In the times of Baal Shem Tov, this started disappearing. People saw the world, but not G-d. People saw oxes goring cows and workers being paid on time and intellectual pleasure from the pilpul, but not G-d in those laws. People were having difficulty realizing in an obvious way — in theory and, especially, in practice — that ein od milvado, there is nothing but Him, and this fact should give us life, energy and special understanding of why we live our lives, learn Torah and keep mitzvos. And a neshama entered this world to rectify this.

Baal Shem Tov explained how there is nothing but Him, how one must serve G-d with joy and passion, how one must unconditionally love every Jew. The Maggid explained it. Talmidei Maggid explained it. The explanation was passed down from a tzaddik to his chassidim in a form of oral tradition.

Then came the upstart called Rav Shneur Zalman Boruchovich from Lyozhna and said: “Not enough”. Oral tradition is not enough. Customs, songs, culture, connection of a chossid to his Rebbe at the Rebbe’s table are not enough. What is needed is a written-down, organized, structured, accessible to simplest people teaching that will explain how exactly it is that “there is nothing but Him” — both in the world and in Torah — and how to apply it in practice, from day to day, in our lives. How, using this knowledge, in theory and in practice, we can bring Mashiach.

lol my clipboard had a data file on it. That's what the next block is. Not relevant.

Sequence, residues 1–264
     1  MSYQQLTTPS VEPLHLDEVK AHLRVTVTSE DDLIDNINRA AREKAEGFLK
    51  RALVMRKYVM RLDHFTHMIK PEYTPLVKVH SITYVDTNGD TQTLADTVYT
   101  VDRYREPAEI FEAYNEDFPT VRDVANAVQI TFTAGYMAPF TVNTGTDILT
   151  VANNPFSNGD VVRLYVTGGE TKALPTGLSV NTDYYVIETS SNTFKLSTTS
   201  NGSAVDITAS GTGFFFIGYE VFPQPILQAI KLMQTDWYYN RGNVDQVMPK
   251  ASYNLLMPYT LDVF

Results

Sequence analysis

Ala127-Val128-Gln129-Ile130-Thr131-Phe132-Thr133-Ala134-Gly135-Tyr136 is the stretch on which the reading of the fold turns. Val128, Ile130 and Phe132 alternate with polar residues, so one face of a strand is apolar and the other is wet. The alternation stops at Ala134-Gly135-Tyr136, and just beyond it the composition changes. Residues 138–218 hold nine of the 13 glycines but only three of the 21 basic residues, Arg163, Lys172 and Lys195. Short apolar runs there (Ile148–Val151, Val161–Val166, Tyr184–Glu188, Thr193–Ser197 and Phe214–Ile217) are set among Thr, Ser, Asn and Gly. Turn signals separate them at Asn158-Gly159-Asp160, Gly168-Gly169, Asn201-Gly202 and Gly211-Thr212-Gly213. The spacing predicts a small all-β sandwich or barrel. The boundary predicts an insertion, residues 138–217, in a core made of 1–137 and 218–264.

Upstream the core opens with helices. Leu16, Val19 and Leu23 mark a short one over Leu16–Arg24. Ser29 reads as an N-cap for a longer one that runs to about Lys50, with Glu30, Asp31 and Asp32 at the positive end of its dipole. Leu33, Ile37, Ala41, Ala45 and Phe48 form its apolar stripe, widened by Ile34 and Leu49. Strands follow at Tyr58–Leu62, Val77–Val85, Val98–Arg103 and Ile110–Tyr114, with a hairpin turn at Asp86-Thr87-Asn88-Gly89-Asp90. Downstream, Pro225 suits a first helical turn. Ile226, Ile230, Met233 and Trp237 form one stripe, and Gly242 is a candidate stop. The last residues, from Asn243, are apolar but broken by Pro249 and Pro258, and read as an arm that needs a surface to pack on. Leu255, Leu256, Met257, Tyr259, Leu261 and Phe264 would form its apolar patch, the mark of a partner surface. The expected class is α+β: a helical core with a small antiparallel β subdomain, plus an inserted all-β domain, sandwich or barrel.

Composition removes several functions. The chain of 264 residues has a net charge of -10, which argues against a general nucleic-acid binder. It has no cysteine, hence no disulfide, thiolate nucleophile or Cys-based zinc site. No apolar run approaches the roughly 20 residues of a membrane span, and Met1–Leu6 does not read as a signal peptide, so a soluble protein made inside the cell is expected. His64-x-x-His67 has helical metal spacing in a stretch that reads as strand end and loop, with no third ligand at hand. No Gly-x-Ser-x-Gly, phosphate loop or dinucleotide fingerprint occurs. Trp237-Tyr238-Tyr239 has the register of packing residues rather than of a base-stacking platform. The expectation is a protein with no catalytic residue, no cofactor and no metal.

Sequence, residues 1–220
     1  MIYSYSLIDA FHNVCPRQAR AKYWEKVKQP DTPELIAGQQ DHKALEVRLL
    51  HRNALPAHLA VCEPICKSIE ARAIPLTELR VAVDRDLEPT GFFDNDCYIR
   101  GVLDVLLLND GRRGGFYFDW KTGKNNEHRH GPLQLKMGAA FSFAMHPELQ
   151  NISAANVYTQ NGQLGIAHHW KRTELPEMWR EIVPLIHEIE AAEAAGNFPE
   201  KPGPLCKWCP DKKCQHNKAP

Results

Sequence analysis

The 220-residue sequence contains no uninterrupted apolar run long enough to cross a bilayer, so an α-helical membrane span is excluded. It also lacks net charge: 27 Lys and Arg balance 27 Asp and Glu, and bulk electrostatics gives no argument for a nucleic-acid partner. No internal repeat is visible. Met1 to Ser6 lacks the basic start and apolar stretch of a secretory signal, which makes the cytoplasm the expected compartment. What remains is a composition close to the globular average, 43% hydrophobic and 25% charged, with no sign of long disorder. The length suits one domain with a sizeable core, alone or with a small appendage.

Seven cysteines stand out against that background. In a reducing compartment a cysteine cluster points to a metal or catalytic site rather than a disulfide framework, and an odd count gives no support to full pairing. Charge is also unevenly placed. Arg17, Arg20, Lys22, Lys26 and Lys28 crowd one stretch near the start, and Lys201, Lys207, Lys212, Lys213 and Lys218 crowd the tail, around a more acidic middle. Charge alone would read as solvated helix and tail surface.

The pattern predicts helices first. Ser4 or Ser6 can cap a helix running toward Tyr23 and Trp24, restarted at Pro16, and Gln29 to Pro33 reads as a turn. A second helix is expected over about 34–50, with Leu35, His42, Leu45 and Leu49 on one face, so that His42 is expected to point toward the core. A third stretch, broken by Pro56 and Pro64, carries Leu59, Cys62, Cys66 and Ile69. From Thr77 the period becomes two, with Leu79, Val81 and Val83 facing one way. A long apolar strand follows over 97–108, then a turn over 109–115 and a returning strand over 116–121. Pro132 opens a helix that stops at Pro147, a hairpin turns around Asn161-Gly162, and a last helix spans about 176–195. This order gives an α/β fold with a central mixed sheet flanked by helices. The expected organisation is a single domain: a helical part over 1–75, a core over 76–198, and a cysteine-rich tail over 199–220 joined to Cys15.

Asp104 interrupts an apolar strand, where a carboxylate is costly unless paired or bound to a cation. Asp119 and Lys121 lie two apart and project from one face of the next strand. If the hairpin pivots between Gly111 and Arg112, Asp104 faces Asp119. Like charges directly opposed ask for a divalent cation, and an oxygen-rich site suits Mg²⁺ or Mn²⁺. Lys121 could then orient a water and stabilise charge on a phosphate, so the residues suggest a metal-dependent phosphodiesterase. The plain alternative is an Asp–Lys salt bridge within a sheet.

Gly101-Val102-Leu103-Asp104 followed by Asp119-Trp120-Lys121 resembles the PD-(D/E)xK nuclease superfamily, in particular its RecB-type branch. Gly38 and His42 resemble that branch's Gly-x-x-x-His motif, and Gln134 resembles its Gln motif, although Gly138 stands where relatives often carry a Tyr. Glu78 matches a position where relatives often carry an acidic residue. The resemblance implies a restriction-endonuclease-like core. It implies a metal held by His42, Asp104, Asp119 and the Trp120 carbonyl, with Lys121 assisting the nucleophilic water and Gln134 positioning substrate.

To which the rest of the Jewish world said: “Gevalt!..” To reveal the essence of Torah? Not in a form of customs, abstract stories, sayings, teachings, personall examples of chassidim from their rebbeim, but in a form of a teaching?! To distill most precious treasure into a book, for everyone, from a shoemaker to a talmid chochom, to study? (By the way, today, on the 20th of Kislev, is the anniversary of the first printing of Tanya.)

And there was a judgement, deciding who is right; in which Alter Rebbe won on Yud Tes Kislev. And the rest is history…

* * *

Two final things. Niggun “Podoh V’Sholom” can be listened to here (lyrics, translation and history behind the niggun, including its connection to Yud-Tes Kislev, are there too). Also, it finally snowed here.